* Any views expressed in this opinion piece are those of the author and not of Thomson Reuters Foundation.It isn't clear if Church of England will agree to bless heterosexual civil partnerships officially, but not homosexual ones
Jeremy Pemberton is a former canon in the Church of England who, in 2014, became the first priest to marry his same-sex partner
The Church of England likes to portray itself as the friend of civil partnerships for LGBT+ people.
This is notwithstanding the fact that when the legislation was passing through the House of Lords in 2004 the majority of its 26 bishops in the British upper chamber of parliament voted for an amendment that was widely seen at the time as a way of wrecking the bill.
The amendment failed, and the bishops published rather grudging pastoral guidance as the new arrangements came into force, including a refusal to offer any services of blessing for couples entering civil partnerships.
Since then same-sex marriage has been introduced, and bishops have discovered the joy of civil partnerships, which is that they can be assumed to be sexless relationships.
In the Church’s teaching, sex belongs, you will recall, only in a lifelong, exclusive marriage between one man and one woman. Just don’t ask about divorce and second marriages – somehow they don’t alter this fundamental position.
However, because there is always the possibility that people in a civil partnership might have discovered the delights of sex, the bishops still don’t want to ask God to bless anyone entering such a union. Just in case. Because sex is so yucky and awkward and worrying.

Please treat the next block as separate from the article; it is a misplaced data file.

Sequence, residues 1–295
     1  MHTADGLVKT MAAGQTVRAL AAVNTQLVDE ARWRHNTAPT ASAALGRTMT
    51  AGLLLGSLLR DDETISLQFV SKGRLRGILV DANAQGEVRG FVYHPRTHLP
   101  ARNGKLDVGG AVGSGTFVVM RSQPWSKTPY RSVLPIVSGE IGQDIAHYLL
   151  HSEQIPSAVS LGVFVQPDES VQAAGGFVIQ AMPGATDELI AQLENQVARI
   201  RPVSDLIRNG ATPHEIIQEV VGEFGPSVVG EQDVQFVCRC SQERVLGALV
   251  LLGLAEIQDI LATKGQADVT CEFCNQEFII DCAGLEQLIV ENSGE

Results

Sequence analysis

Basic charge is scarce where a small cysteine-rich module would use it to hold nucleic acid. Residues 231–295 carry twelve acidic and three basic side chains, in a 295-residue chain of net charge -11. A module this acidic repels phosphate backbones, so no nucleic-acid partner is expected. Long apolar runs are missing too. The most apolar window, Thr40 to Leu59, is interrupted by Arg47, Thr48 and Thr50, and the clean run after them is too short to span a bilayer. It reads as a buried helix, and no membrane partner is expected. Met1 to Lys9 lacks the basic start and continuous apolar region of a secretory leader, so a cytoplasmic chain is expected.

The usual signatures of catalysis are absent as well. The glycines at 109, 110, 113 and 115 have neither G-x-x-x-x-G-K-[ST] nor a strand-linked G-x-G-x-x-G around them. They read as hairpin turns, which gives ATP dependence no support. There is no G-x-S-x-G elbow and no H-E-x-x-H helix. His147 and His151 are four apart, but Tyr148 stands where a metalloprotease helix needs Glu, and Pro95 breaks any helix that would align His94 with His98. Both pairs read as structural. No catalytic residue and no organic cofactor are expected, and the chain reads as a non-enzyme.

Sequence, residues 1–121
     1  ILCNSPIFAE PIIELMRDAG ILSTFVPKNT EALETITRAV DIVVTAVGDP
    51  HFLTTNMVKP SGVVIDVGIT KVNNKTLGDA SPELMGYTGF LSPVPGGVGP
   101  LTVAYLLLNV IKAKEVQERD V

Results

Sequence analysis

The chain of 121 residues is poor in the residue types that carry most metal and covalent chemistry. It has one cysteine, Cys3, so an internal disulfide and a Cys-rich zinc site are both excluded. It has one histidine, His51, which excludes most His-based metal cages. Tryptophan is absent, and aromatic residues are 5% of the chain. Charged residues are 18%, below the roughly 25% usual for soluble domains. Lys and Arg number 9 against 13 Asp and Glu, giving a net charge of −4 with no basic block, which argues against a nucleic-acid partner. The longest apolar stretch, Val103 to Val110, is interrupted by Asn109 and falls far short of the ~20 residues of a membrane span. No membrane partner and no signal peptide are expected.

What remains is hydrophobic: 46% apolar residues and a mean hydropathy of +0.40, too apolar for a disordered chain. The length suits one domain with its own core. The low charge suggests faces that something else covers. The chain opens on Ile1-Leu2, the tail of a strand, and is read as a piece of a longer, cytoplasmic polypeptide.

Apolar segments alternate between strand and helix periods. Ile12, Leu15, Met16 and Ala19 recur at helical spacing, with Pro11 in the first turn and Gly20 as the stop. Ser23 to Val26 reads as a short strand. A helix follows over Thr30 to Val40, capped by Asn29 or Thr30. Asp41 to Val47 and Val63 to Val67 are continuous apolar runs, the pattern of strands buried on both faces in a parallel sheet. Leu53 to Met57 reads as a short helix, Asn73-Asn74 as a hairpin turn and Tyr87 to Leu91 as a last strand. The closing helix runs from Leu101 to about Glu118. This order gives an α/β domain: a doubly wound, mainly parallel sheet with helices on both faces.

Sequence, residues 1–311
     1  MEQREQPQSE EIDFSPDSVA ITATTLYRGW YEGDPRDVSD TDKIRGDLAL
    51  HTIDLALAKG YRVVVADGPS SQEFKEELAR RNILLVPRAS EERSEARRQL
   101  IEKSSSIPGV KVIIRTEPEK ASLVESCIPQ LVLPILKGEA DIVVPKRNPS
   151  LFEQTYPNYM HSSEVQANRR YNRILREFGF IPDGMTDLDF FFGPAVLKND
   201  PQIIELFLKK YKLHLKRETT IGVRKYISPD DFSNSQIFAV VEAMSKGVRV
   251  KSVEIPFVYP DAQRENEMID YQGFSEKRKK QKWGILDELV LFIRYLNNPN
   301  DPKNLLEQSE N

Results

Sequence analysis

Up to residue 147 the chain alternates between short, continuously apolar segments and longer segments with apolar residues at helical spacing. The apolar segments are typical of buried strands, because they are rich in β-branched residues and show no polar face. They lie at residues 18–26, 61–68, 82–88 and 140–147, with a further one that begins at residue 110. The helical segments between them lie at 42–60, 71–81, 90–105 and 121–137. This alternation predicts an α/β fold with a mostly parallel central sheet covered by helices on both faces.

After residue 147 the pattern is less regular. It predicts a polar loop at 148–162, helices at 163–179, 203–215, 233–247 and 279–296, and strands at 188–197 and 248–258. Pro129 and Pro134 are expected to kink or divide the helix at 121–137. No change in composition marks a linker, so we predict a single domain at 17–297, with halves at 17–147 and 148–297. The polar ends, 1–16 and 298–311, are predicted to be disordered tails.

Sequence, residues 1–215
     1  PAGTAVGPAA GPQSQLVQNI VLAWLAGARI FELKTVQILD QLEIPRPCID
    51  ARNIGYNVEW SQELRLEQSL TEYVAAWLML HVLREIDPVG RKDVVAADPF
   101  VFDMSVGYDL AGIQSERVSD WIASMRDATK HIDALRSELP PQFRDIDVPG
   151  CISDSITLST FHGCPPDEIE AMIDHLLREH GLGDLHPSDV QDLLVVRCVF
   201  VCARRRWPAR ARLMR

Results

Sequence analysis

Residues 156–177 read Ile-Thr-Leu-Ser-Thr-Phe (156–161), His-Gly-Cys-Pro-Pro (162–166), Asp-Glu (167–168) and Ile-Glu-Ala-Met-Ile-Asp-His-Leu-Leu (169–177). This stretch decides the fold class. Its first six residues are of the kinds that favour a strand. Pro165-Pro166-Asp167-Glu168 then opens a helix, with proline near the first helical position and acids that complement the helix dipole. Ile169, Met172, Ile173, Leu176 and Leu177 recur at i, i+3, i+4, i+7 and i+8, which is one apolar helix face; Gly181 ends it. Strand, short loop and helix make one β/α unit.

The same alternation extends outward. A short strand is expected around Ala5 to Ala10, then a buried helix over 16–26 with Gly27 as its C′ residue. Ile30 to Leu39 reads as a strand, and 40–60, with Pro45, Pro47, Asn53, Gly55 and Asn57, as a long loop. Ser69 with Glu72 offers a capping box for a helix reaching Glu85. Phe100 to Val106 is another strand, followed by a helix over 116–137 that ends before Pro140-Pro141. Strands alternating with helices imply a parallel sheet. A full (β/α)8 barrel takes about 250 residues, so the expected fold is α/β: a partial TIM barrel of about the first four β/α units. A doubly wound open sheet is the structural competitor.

In a ruling in the British Supreme Court last year, the judges found unanimously that barring entry to civil partnerships for heterosexual couples (as had been the case) was, since the introduction of same-sex marriage, discriminatory and against the human rights of heterosexual couples who wished to make such a commitment.
The passage of a bill recently changing registration arrangements has now opened up the prospect of the Secretary of State being able to change the rules around civil partnerships to include heterosexual couples. And the timetable for this to take place is before the end of the year.
This is going to put the Church of England in a bit of a spot.
Any heterosexual couple in England has a right in law to be married in their parish church. If a heterosexual couple choose to have a civil partnership rather than a marriage, but also want this union blessed in the church and present themselves to their local vicar, what is s/he to say?
The Church of England doesn’t bless civil partnerships. But what is the essential difference between them and marriage?
If a civil partnership is between a man and a woman should it be a sexless thing like for same-sex couples? Or will the Church of England agree to bless heterosexual civil partnerships officially, but not homosexual ones?
The uproar that would cause doesn’t bear contemplating – even the most tin-eared Lambeth Palace apparatchik must know that would be PR suicide.
Up until now the bishops have not had to address this question. But the clock is ticking. The end of the year is the latest date the change in regulations could be introduced, not the soonest.
We deserve to be told what they will do.
There is no time for the Living in Love and Faith process, a major report into – as the Church describes it – “human identity, sexuality and marriage” due to be published next year, to debate this for years.
Will gay and straight people entering civil partnerships get equal treatment as regards a blessing? If not, why not?
If no blessing is offered, on what grounds is this denied to heterosexual couples? And if it were to be offered equally, then is the assumption about “sexlessness” being abandoned? In which case, why doesn’t the Church of England bless same-sex marriages as well?
It could be a very interesting few months.